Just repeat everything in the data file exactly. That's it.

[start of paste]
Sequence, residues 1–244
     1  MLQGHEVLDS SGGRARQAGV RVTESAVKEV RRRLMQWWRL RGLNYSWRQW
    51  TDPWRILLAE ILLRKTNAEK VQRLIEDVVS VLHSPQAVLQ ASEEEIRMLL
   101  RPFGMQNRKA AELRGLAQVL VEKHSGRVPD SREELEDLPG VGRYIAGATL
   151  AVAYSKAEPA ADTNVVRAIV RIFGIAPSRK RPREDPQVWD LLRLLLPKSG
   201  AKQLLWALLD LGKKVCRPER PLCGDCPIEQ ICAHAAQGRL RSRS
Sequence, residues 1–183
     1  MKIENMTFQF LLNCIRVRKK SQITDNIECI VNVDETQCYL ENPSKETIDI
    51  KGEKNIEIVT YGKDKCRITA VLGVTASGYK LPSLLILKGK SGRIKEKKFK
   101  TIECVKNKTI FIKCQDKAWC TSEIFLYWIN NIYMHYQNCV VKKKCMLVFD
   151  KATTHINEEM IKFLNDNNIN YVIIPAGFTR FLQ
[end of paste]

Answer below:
Sequence, residues 1–244
     1  MLQGHEVLDS SGGRARQAGV RVTESAVKEV RRRLMQWWRL RGLNYSWRQW
    51  TDPWRILLAE ILLRKTNAEK VQRLIEDVVS VLHSPQAVLQ ASEEEIRMLL
   101  RPFGMQNRKA AELRGLAQVL VEKHSGRVPD SREELEDLPG VGRYIAGATL
   151  AVAYSKAEPA ADTNVVRAIV RIFGIAPSRK RPREDPQVWD LLRLLLPKSG
   201  AKQLLWALLD LGKKVCRPER PLCGDCPIEQ ICAHAAQGRL RSRS
Sequence, residues 1–183
     1  MKIENMTFQF LLNCIRVRKK SQITDNIECI VNVDETQCYL ENPSKETIDI
    51  KGEKNIEIVT YGKDKCRITA VLGVTASGYK LPSLLILKGK SGRIKEKKFK
   101  TIECVKNKTI FIKCQDKAWC TSEIFLYWIN NIYMHYQNCV VKKKCMLVFD
   151  KATTHINEEM IKFLNDNNIN YVIIPAGFTR FLQ